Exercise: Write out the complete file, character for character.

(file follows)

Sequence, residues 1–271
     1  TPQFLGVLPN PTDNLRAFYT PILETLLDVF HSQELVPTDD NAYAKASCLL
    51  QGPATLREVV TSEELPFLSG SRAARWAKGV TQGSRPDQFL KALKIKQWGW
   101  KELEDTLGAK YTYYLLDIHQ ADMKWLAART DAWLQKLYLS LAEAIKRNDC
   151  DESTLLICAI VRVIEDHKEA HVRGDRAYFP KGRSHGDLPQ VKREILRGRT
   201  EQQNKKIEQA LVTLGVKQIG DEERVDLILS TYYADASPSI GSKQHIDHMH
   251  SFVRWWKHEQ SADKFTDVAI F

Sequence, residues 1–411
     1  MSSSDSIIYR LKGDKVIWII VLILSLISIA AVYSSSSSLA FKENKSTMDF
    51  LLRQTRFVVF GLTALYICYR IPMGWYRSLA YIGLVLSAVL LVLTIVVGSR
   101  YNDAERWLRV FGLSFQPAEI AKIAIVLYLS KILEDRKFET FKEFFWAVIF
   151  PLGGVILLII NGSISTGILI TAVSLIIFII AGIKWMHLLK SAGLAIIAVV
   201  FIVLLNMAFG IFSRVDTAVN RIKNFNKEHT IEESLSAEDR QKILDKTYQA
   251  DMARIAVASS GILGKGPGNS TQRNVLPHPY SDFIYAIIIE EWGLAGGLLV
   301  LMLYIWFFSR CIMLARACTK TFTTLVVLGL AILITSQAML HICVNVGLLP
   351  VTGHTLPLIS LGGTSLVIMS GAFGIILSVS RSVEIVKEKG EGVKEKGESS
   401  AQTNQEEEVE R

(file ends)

Sequence, residues 1–271
     1  TPQFLGVLPN PTDNLRAFYT PILETLLDVF HSQELVPTDD NAYAKASCLL
    51  QGPATLREVV TSEELPFLSG SRAARWAKGV TQGSRPDQFL KALKIKQWGW
   101  KELEDTLGAK YTYYLLDIHQ ADMKWLAART DAWLQKLYLS LAEAIKRNDC
   151  DESTLLICAI VRVIEDHKEA HVRGDRAYFP KGRSHGDLPQ VKREILRGRT
   201  EQQNKKIEQA LVTLGVKQIG DEERVDLILS TYYADASPSI GSKQHIDHMH
   251  SFVRWWKHEQ SADKFTDVAI F

Sequence, residues 1–411
     1  MSSSDSIIYR LKGDKVIWII VLILSLISIA AVYSSSSSLA FKENKSTMDF
    51  LLRQTRFVVF GLTALYICYR IPMGWYRSLA YIGLVLSAVL LVLTIVVGSR
   101  YNDAERWLRV FGLSFQPAEI AKIAIVLYLS KILEDRKFET FKEFFWAVIF
   151  PLGGVILLII NGSISTGILI TAVSLIIFII AGIKWMHLLK SAGLAIIAVV
   201  FIVLLNMAFG IFSRVDTAVN RIKNFNKEHT IEESLSAEDR QKILDKTYQA
   251  DMARIAVASS GILGKGPGNS TQRNVLPHPY SDFIYAIIIE EWGLAGGLLV
   301  LMLYIWFFSR CIMLARACTK TFTTLVVLGL AILITSQAML HICVNVGLLP
   351  VTGHTLPLIS LGGTSLVIMS GAFGIILSVS RSVEIVKEKG EGVKEKGESS
   401  AQTNQEEEVE R